The Book Borrower: A Novelby Alice Mattison
On the day they first meet in a city playground, Deborah Laidlaw lends Toby Ruben a book called Trolley Girl, the memoir of a forgotten trolley strike in the 1920s, written by the sister of a fiery Jewish revolutionary who played an important, ultimately tragic role in the events. Young mothers with babies, Toby and Deborah become instant friends. It is a/em>
On the day they first meet in a city playground, Deborah Laidlaw lends Toby Ruben a book called Trolley Girl, the memoir of a forgotten trolley strike in the 1920s, written by the sister of a fiery Jewish revolutionary who played an important, ultimately tragic role in the events. Young mothers with babies, Toby and Deborah become instant friends. It is a relationship that will endure for decades—through the vagaries of marriage, career, and child-rearing, through heated discussions of politics, ethics, and life—until an insurmountable argument takes the two women down divergent paths. But in the aftermath of crisis and sorrow, it is a borrowed book, long set aside and forgotten, that will unite Toby and Deborah once again.
Time Out: New York
Time Out: New York
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The Book Borrower
Chapter OneThough she was pushing a baby carriage, Toby Ruben began to read a book, On a gray evening in late November 1920 and the wheel of the carriage a big, skeletal but once elegant Perego she'd found in somebody s trash rolled into a broken place in the sidewalk. The baby, tightly wrapped in a white receiving blanket, glided compactly from carriage to sidewalk. He didn't cry. Like his mother, the baby would be troubled more by missed human connections than by practical problems; also the three-second rule held: as if he were a fallen slice of bread, Ruben snatched him up and ate him. Kissed him passionately and all over, dropping the wicked book into the carriage. She put the baby back where he belonged and picked up the book, but she didn't read for at least a block. Then she did read.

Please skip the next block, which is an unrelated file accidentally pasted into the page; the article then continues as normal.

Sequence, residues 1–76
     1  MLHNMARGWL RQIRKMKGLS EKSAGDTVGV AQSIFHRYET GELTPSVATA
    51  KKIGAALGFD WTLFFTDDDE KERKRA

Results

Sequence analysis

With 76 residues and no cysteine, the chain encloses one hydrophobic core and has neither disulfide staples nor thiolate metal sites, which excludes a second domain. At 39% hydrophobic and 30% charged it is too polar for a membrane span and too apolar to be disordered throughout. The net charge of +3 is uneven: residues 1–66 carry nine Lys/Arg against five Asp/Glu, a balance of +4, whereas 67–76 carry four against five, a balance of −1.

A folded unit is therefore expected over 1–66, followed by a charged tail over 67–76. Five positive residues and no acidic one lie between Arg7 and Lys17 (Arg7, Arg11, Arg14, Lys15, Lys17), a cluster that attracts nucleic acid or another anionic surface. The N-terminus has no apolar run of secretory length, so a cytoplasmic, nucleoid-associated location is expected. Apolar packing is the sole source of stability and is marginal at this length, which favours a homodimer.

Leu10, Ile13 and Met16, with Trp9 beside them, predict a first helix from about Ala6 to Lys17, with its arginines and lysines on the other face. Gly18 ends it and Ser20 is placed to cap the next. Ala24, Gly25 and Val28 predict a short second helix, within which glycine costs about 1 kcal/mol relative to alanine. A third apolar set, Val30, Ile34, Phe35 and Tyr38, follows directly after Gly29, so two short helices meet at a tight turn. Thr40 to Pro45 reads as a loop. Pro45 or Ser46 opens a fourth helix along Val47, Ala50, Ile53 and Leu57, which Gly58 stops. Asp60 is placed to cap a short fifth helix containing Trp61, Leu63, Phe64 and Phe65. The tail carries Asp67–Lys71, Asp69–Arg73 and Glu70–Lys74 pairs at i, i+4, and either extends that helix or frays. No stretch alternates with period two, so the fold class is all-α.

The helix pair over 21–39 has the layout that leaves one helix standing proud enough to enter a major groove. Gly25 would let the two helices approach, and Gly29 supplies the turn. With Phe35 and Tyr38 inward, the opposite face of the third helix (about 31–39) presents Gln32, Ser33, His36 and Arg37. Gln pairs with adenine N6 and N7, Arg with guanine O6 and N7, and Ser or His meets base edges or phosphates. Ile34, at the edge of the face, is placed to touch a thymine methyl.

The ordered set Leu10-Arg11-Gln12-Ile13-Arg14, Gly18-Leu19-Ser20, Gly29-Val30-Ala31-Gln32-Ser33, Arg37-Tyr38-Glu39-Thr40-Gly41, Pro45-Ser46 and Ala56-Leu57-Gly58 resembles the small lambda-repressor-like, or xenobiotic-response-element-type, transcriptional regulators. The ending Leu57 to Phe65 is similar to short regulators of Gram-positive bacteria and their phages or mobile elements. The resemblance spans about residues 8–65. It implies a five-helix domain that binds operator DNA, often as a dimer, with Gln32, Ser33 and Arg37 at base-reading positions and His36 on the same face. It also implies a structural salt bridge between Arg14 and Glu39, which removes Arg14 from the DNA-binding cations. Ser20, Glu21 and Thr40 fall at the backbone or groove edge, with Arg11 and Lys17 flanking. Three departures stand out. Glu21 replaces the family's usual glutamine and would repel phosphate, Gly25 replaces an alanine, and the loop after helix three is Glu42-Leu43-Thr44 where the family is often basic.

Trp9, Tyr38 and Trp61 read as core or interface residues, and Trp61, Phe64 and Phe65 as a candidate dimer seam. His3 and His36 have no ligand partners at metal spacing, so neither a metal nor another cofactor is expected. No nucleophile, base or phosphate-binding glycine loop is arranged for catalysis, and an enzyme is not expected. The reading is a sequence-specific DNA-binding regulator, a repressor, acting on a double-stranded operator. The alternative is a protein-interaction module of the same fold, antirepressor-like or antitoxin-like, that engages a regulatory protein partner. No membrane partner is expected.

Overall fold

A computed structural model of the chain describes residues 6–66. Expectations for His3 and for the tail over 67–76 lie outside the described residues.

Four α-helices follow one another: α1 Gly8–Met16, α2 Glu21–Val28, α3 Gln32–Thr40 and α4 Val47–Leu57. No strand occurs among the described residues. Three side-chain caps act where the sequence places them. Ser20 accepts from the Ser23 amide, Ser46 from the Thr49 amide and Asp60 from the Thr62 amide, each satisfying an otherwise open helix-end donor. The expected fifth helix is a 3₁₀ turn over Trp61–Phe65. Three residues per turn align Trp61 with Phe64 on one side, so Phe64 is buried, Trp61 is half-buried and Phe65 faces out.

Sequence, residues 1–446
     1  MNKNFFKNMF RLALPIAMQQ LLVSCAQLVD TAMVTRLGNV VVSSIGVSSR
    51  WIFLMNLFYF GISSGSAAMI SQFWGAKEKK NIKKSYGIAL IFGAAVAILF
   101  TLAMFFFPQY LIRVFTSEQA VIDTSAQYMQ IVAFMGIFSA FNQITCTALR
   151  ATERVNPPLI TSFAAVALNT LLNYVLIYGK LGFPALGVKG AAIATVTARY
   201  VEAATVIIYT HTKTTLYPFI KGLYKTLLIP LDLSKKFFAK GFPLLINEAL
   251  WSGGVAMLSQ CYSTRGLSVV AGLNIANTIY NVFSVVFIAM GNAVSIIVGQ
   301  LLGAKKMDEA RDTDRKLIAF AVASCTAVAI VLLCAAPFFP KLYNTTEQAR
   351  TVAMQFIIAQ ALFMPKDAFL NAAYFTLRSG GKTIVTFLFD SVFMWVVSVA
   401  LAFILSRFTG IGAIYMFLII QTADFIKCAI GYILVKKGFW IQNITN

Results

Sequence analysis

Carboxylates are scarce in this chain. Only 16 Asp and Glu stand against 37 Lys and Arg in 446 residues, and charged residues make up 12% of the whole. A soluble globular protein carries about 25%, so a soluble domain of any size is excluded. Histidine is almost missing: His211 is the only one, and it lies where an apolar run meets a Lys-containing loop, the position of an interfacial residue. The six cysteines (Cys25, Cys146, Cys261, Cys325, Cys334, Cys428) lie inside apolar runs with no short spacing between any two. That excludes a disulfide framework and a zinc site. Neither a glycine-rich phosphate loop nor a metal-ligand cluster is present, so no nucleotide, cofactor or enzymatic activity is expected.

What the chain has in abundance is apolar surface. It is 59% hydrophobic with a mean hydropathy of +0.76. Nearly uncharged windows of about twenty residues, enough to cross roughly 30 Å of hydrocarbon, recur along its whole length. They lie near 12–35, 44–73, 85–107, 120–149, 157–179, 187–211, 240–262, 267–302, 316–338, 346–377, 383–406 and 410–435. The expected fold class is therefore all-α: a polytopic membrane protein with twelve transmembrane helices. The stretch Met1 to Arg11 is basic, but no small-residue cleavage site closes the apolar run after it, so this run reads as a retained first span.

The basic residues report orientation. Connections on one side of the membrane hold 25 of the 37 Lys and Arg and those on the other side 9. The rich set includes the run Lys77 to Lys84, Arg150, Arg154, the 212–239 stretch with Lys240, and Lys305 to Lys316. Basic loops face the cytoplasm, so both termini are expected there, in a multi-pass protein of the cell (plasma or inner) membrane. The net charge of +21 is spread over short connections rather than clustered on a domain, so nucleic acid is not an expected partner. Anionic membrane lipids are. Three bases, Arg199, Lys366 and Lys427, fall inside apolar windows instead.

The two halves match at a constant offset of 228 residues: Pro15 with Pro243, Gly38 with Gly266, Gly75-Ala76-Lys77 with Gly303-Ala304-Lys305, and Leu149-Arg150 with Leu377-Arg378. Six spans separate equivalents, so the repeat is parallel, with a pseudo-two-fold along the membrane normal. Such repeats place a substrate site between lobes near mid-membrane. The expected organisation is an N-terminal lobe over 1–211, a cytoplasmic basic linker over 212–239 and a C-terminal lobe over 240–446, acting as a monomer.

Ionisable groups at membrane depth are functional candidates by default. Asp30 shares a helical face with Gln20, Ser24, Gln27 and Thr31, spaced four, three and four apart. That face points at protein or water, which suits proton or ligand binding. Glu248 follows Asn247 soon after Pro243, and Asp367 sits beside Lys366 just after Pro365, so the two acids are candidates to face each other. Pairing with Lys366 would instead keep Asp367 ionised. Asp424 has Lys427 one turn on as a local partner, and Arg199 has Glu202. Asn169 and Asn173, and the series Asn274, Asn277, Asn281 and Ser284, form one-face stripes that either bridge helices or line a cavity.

On a gray evening in late November 1920, an observer who happened to be making his way up the hill from Dressier's Mills to the streetcar line that ran to the principal square of Boynton, Massachusetts, might have noticed a sturdy young woman hurrying through the mill s gates. The air was full of cinders, which must have been why she reached up to tie a veil over her face, though she did so with a gesture so casual, so obviously
Ruben had to cross a street. She closed the book. It was thin, with black covers, not new.
Want a book? a woman in the park had said. The woman wore a blue-and-white-checked dress like a pioneer s, but sleeveless. A wide neckline bared her freckled chest; with good posture she chased serious, muddy daughters in pink pinafores. Ruben s baby, Squirrel, was three months old. Go, Squirrel, go, Ruben shouted, just sothe woman, sweeping by, would speak.
What? Sunny hair rose and settled.
He's trying to put his thumb in his mouth.